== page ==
By Dr. Annelie Struessmann
Although most countries around the world have cosmetics legislation in place; some regulatory frameworks have only been implemented or amended in recent years. These laws are designed to safeguard consumers and ensure the use of cosmetic products do not carry a risk of harm. This often includes prohibiting or restricting certain ingredients with toxicological effects for humans, such as allergenic, carcinogenic, or irritating properties, etc.
While local authorities are implementing such laws, manufacturers are also responsible for ensuring pre-market requirements are fulfilled from product safety assessments and suitable labeling to GMP production and notification. Usually, competent local authorities will follow up on each products’ compliance, ensuring only authorised products are available to consumers. As such, a very good safety standard for users of cosmetics has so far been achieved.
However, the cosmetics regulatory frameworks are still not consistently addressing the environmental impact of cosmetic products. Cosmetic ingredients after use are often discharged into the sewage system where they are hopefully, captured in sewage treatment plants; but research shows they can be found in the environment, in aquatic systems like lakes, oceans, rivers as well as in soil. The potential risk of such contamination may include toxicity to aquatic organisms, flora and fauna, e.g. endocrine disrupting activities, as well as bioaccumulation, etc. Cosmetics packaging also contributes to microplastics and packaging waste in the oceans, which can cause serious and fatal effects for the aquatic life and for sea birds.
In Europe, cosmetic ingredients are falling under the scope of the chemicals legislation, Regulation (EC) No 1907/2006 on the Registration, Evaluation, Authorisation and Restriction of Chemicals (REACH). REACH addresses human and environmental hazards and the risks of chemicals, substance by substance, while recognising that the total exposure to a single chemical can result from different sources. During the registration process under REACH, information on intrinsic properties and uses of substances are gathered as well as exposure criteria and potential risks to humans and the environment. When a substance has been proven to possess hazardous properties, further evaluation may lead to additional authorisation requirements or to a product restriction to protect humans and the environment from unacceptable risks posed by chemicals. For cosmetics, only the environmental concerns for ingredients are considered under this regulation.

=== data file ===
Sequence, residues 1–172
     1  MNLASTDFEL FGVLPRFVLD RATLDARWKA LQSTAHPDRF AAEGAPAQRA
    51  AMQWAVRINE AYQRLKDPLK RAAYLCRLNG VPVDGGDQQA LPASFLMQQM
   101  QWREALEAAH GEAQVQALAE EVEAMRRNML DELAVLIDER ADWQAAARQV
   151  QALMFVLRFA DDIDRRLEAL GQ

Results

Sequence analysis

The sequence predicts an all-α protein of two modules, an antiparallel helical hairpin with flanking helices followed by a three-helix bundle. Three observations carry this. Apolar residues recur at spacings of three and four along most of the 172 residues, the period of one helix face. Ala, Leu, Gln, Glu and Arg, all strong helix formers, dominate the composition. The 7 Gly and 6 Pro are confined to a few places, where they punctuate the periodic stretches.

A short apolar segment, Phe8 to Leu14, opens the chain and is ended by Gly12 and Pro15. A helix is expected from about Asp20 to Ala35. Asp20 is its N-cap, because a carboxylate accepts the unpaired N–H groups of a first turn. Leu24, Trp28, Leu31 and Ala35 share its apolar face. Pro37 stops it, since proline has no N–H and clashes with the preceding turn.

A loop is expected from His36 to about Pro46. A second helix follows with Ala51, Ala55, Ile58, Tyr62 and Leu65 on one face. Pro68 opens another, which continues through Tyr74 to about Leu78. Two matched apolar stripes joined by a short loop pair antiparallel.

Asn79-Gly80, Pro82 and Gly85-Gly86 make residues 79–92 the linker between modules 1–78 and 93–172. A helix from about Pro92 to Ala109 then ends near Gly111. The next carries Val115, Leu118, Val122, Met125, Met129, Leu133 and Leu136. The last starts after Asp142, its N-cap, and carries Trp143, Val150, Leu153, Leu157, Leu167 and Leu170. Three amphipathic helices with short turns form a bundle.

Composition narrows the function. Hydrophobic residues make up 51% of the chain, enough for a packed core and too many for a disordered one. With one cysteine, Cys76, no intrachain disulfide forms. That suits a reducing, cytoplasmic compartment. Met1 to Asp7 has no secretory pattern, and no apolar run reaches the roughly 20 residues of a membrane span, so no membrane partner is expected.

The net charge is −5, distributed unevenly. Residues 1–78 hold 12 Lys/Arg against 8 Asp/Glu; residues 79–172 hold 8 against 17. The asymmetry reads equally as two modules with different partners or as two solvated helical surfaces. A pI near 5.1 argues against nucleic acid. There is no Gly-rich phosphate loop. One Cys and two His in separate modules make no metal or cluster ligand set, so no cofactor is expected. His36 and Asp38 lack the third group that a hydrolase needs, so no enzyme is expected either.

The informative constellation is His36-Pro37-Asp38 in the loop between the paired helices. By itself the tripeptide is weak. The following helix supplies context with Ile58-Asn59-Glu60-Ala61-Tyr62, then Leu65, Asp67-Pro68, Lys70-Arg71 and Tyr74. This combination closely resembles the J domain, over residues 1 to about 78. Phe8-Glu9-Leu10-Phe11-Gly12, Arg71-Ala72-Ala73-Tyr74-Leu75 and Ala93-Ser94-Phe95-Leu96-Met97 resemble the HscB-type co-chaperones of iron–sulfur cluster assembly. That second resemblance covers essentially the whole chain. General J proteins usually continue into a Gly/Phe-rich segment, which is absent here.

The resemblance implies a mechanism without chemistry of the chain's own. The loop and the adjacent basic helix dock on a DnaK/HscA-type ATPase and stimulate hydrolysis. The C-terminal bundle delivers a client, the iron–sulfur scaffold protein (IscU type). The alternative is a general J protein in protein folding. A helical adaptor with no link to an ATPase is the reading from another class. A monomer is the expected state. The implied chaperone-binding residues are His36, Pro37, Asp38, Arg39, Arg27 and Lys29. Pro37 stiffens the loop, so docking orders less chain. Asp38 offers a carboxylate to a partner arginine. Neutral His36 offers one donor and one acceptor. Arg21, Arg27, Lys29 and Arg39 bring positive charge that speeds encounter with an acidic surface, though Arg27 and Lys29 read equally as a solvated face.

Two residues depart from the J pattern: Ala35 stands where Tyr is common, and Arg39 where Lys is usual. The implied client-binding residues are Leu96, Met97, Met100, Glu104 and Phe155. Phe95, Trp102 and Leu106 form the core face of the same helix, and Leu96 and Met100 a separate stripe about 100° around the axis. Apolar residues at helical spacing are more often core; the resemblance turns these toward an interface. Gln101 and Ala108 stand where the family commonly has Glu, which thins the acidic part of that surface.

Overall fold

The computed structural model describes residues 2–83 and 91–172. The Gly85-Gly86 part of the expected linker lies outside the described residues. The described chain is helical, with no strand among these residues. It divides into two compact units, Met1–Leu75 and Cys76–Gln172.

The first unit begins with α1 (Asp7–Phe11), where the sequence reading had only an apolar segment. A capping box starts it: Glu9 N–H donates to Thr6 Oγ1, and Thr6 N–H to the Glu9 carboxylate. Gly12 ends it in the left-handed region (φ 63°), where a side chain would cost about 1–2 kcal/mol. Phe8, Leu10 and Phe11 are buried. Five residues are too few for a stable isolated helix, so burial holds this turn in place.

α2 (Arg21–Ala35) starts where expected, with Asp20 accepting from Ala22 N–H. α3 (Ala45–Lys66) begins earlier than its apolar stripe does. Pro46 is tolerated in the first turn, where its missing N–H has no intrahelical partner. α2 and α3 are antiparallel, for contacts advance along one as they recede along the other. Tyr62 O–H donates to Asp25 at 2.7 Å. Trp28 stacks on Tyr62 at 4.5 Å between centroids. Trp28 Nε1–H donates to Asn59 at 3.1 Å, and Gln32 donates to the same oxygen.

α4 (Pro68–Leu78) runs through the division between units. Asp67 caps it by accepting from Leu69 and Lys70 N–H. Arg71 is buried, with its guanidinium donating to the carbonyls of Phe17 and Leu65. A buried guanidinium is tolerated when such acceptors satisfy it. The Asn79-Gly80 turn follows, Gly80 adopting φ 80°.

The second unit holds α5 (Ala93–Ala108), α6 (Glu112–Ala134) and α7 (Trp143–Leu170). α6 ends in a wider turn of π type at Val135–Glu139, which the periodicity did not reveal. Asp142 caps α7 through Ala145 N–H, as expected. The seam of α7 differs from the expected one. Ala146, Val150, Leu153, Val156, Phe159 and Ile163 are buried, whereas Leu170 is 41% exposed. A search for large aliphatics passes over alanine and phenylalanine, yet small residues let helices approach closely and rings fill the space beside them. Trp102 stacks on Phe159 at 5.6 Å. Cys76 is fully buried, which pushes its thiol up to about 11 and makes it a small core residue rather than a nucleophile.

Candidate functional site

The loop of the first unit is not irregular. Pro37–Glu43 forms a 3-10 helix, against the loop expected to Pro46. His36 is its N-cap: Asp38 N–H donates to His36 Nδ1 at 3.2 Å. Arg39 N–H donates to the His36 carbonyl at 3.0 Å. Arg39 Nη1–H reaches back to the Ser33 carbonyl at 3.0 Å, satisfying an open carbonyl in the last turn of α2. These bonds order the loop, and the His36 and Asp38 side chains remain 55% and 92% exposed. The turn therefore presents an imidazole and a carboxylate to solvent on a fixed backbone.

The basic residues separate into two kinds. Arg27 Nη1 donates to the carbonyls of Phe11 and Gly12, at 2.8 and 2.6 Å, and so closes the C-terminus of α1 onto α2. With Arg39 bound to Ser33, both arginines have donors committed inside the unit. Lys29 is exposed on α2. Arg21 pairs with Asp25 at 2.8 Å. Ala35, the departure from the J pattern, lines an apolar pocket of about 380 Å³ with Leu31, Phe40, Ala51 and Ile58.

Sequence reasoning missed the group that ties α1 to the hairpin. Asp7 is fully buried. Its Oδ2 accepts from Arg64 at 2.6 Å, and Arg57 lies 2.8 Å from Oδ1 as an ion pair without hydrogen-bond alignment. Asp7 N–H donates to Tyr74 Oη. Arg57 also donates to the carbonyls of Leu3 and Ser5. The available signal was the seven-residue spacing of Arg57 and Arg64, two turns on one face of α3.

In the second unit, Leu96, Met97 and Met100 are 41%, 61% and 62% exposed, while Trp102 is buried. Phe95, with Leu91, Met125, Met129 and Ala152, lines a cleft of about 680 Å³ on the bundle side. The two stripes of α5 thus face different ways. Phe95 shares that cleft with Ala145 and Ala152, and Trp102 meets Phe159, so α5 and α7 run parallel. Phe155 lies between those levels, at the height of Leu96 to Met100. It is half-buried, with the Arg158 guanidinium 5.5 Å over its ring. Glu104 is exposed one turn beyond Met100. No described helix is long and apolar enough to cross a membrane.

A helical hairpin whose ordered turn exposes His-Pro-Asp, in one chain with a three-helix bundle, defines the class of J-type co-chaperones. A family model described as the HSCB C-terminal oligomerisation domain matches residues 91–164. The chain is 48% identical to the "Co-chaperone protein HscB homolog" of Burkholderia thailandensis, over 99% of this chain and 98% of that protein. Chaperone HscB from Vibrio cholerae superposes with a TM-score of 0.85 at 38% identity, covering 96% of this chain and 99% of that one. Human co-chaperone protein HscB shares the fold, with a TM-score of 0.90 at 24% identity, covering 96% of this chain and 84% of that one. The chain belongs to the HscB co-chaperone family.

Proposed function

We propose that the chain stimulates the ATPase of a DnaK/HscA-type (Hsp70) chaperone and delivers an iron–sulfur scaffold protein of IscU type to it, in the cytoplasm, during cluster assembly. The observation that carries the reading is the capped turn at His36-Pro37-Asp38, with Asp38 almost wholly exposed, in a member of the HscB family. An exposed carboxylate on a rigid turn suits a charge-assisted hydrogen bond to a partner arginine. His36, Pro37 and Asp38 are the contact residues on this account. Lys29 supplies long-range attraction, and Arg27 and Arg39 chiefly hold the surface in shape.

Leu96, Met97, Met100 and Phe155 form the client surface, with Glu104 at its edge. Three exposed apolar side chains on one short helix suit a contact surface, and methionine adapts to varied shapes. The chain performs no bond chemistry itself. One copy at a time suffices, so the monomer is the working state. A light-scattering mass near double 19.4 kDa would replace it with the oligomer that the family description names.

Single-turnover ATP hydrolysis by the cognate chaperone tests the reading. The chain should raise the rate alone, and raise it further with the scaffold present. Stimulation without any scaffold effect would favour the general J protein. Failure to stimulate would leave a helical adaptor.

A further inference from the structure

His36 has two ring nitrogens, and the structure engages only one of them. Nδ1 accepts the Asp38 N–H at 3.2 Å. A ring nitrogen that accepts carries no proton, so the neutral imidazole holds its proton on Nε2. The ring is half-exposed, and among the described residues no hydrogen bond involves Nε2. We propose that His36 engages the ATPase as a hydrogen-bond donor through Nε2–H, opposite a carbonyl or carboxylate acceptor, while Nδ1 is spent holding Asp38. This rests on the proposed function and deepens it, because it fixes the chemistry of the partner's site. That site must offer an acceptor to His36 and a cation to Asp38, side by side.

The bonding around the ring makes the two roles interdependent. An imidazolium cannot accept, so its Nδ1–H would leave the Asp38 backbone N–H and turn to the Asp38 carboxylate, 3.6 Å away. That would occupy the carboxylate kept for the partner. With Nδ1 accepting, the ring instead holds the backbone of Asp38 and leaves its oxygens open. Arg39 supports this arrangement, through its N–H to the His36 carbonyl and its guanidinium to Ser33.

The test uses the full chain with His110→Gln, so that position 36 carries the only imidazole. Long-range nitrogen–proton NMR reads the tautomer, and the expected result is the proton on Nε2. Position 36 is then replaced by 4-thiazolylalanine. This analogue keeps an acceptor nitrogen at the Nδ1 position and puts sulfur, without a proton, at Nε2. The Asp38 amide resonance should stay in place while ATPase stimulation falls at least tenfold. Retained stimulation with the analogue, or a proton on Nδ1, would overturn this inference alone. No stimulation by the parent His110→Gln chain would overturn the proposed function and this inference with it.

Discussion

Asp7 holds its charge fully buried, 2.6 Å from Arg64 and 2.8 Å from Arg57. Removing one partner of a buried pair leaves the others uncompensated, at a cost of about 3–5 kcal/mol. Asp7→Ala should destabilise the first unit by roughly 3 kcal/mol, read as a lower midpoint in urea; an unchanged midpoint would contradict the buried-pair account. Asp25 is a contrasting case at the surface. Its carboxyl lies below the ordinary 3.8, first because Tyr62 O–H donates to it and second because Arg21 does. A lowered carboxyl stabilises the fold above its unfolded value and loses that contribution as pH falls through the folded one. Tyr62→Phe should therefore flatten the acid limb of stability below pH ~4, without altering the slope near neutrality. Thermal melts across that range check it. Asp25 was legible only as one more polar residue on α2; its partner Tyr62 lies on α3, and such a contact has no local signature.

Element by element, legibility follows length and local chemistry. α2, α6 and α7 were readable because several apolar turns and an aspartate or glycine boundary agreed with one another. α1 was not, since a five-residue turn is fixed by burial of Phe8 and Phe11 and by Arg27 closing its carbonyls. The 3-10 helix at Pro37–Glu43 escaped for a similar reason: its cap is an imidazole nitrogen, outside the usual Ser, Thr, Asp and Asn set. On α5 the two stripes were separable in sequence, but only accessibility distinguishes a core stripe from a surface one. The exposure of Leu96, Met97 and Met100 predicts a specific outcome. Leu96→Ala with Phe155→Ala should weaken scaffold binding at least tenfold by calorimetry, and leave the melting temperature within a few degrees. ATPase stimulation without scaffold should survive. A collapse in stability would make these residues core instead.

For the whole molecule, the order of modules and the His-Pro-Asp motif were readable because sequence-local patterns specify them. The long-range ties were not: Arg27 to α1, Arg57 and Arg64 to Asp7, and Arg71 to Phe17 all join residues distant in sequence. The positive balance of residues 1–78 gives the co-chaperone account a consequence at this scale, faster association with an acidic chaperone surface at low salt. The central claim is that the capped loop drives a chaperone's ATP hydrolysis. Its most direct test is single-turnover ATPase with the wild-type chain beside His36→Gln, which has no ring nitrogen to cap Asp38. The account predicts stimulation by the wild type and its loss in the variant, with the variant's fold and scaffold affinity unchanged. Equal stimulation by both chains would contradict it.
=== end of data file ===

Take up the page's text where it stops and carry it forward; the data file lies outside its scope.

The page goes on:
Recently, the European Chemicals Agency restricted, for the first time, two substances for use as cosmetic ingredient. The restriction applies to Octamethylcyclotetrasiloxane (D4) and to Decamethylcyclopentasiloxane (D5) in wash-off personal care products in the EU. All wash-off products are not allowed to contain more than 0.1% of D4 or more than 0.1% of D5. The reason for the restriction is that D4 meets the criteria for identification as a persistent, bioaccumulative and toxic (PBT) and very persistent bioaccumulative (vPvB) substance and D5 meets the criteria for a vPvB substance. The restriction of this substance in Europe demonstrates the importance of the environmental safety of cosmetics ingredients . Here, important legislation is in place, which addresses the environmental properties of cosmetic ingredients systematically while human safety is addressed under the EU’s cosmetics regulation. The REACH regulations also provides a list of chemicals restricted in cosmetic products for environmental reasons. The next step will see this list combined with existing annexes to enhance the cosmetic products regulation, which looks to control substances based on human health concerns.